Portrait Photography Tips – Shooting Wow Pictures
All budding photographers, as well as those who’ve been shooting for awhile, are all looking for the same thing. They want to shooting stunning photographs that capture the “wow” factor. It is not an easy thing to do, since beauty is in the eye of the beholder. However, it is not impossible and rather than following rules, sometimes it is necessary to break them. Be random and boldly follow your instincts to find that special picture that makes everyone stop and take notice.
1. Change the Perspective - Nearly all portraits are taken with the camera at eye level. Change the perspective by changing the angle from which you’re shooting. Get up high over your subject for one effect. From that vantage you may see an even more interesting aspect. Experiment with your composition.
2. Play with the Eyes - Eye contact or the direction in which the eyes are gazing heavily affects the effect of the portrait.
Looking directly into the camera isn’t always the most interesting way to shoot someone. It may be more intriguing to have the subject look off to the side, drawing those who look at the shot to wonder what’s there, off camera, unseen. But be careful how you do this, because drawing the viewer’s eyes to the side also takes their eyes off your subject.
3. Staying Focused within the Frame - In other words, have your subject holding an object, like a woman holding a baby, or a child holding a toy keeps the viewers eyes focused inside the frame and on the subjects. It creates a second point of interest and helps to create a story within the frame with the subject.
4. Composition Rules - Composition rules as listed in portrait photography tips, are made to be followed and broken.
The rules are great to know and to use, but stretching them, or pushing to the outer limits makes for more interesting portrait art. Learn the rules, get comfortable using them, then learn to break them in order to achieve a more eye catching result.
5. Experiment with Lighting - The possibilities are endless with lighting. You are hindered only by your imagination and ability to be creative. There is no good and bad. So go ahead and play with the lighting. You might surprise yourself. Sidelight, back-light, silhouette, the possibilities are infinite.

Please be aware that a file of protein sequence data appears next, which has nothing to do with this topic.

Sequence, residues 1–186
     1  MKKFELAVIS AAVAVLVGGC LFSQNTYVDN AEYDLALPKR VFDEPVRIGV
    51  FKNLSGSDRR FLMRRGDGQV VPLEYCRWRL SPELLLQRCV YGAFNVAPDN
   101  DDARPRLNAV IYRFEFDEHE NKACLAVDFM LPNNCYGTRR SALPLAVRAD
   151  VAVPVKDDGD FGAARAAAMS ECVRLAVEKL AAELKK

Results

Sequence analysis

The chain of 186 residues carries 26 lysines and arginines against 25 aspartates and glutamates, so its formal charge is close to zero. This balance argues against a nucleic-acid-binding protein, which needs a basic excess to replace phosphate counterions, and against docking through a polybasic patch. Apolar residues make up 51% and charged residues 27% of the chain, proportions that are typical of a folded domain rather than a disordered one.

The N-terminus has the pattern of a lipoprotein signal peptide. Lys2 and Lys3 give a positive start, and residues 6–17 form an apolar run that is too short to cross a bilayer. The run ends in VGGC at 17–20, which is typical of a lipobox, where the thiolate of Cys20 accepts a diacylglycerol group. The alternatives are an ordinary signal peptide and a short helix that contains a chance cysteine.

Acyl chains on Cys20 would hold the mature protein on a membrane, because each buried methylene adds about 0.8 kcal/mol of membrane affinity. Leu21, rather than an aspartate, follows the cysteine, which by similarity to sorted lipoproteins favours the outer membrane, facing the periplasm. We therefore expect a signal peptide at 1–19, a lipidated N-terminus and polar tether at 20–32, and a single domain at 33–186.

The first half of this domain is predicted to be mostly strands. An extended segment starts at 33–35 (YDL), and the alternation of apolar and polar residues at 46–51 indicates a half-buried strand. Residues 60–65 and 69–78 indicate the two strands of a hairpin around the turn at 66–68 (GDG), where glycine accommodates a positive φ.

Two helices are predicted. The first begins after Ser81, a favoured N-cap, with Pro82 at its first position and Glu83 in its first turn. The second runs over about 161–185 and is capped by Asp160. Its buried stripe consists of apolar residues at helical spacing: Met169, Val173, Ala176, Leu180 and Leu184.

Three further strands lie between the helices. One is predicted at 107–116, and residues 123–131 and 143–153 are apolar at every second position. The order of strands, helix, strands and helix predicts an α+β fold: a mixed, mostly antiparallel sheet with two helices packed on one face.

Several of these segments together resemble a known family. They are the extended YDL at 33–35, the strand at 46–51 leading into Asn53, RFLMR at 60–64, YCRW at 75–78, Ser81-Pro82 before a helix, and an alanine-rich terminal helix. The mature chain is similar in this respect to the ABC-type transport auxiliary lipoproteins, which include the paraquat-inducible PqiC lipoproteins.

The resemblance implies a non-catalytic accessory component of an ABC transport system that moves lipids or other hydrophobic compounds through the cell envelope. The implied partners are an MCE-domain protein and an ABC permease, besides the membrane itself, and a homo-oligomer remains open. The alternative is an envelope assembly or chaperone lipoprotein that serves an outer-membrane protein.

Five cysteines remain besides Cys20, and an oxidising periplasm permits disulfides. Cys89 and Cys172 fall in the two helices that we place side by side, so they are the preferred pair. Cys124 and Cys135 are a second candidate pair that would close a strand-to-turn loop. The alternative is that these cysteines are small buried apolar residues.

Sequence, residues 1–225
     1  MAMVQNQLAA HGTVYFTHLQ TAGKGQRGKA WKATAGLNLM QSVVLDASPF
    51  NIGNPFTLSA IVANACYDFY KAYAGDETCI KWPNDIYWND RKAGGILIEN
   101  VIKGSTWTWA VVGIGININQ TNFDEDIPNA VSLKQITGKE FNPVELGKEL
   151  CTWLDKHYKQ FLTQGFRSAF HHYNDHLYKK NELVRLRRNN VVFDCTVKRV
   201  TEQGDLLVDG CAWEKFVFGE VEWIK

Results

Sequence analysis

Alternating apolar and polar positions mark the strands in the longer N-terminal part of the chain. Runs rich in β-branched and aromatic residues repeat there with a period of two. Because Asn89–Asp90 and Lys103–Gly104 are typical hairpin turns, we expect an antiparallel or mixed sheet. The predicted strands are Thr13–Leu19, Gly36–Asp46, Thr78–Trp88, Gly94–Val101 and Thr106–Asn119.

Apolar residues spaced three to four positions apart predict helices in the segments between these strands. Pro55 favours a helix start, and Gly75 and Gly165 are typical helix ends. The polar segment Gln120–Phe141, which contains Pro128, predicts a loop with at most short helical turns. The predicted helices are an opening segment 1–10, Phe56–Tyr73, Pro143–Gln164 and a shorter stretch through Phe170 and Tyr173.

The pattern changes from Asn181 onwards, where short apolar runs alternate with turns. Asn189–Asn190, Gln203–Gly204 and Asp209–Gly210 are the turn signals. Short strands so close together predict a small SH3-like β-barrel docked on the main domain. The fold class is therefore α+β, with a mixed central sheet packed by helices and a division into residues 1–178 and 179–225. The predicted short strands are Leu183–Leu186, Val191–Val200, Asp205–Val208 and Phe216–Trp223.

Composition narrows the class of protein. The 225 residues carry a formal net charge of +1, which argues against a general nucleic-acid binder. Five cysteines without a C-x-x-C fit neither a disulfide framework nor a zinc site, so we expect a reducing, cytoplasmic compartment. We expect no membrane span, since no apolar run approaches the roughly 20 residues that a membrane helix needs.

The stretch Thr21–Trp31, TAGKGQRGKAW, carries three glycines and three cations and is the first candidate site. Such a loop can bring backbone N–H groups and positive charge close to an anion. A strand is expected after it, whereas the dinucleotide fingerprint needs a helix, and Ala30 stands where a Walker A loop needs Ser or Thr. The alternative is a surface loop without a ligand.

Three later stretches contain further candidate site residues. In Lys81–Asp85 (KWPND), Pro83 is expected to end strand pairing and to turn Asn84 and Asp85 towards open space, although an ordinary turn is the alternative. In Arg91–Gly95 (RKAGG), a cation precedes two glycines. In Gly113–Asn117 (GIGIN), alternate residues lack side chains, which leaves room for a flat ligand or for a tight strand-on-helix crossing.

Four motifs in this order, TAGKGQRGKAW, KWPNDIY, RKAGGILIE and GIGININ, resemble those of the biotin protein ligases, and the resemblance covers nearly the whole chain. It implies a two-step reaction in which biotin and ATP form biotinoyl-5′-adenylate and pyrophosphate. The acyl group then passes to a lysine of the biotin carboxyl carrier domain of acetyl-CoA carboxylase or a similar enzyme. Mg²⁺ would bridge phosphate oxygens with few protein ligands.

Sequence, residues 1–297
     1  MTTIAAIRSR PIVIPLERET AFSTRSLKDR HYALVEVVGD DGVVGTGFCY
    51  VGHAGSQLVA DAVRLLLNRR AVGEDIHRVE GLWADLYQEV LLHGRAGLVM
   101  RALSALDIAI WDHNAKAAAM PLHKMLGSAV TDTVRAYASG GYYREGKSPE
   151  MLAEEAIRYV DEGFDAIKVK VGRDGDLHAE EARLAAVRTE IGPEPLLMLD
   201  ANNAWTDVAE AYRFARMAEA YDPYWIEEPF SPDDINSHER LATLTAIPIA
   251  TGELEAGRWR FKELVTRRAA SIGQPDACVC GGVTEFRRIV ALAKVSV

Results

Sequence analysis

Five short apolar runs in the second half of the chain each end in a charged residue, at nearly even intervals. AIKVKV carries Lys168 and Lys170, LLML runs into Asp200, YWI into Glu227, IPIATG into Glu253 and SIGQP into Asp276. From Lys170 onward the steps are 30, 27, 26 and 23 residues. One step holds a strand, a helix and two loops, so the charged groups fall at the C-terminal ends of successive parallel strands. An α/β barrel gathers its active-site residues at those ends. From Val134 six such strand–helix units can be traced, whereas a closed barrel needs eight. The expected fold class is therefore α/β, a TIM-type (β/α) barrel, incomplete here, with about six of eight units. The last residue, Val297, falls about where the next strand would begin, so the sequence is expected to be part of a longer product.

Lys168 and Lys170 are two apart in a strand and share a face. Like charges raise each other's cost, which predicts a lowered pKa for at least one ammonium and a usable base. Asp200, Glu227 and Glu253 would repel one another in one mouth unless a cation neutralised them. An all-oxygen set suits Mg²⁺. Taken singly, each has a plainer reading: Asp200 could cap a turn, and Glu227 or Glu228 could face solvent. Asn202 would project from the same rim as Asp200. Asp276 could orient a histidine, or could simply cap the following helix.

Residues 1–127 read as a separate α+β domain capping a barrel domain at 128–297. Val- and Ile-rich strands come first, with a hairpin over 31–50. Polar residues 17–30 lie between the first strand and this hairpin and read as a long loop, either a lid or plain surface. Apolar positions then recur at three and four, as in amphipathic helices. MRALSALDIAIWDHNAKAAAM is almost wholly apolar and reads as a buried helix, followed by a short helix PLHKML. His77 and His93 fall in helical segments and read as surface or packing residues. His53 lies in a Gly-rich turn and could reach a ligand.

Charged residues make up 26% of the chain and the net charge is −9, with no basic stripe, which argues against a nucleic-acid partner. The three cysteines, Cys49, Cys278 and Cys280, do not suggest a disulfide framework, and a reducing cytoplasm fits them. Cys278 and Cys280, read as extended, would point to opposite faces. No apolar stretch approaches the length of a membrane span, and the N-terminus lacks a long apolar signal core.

6. Make Subject Move - Interesting portraits happen when you take the subject out of his or her comfort zone. Make them move. Put them in clothing or in a setting where you wouldn’t ordinarily find them. Surround them with stuff that says who they are, but make them react differently to it. For instance, put them in business attire in an office, but have them jump up and down or read a book upside down. Again, be creative.
7. Don’t Stage the Photo - Shooting candid shots are better than posing the subject. People, and kids in particular tend to tense up and hide rather than reveal their personality when the picture is staged and they are required to pose. Photograph your subjects while they work or kids while they play. Try to catch them reacting naturally to their environment.
8. Using Props - Enhance your shot by creating another point of interest with a prop. For example, if you’re shooting a doctor, let them be wearing a stethoscope or holding a skull. Be careful not to let the prop dominate the picture, let it be part of the picture telling part of the story.
9. A Part of the Whole - Try focusing on a part of the whole, for instance, instead of shooting the head and shoulders of your subject, take a picture or two of their hands, or their back, or maybe even a shoulder with a special tattoo, keeping the face in shadow. Be dramatic and bold. Sometimes what is left out of the shot is as important as what is left in.
10. Variation on a Theme - Obscuring your subject in order to focus on one particular aspect works well too. In other words, shrouding a woman in a shawl leaving only her eyes visible and looking at the camera. Possibly making the shawl match the eyes of the subject making for a dramatic color statement.
The possibilities for taking creative and dramatic shots are limited only by your ability to think outside the box. Know the rules, know how to work them, then learn how to break them for a more creative effect. Finally, take a series of shots… not just one… shoot often and quick… sometimes, in order to get what you want.
I hope you have found these portrait photography tips useful.
Jonnie Blaylock is a hobbyist photographer that helps new photographers learn the fundamentals with his Portrait Photography Tips and more.
March 25th, 2012 by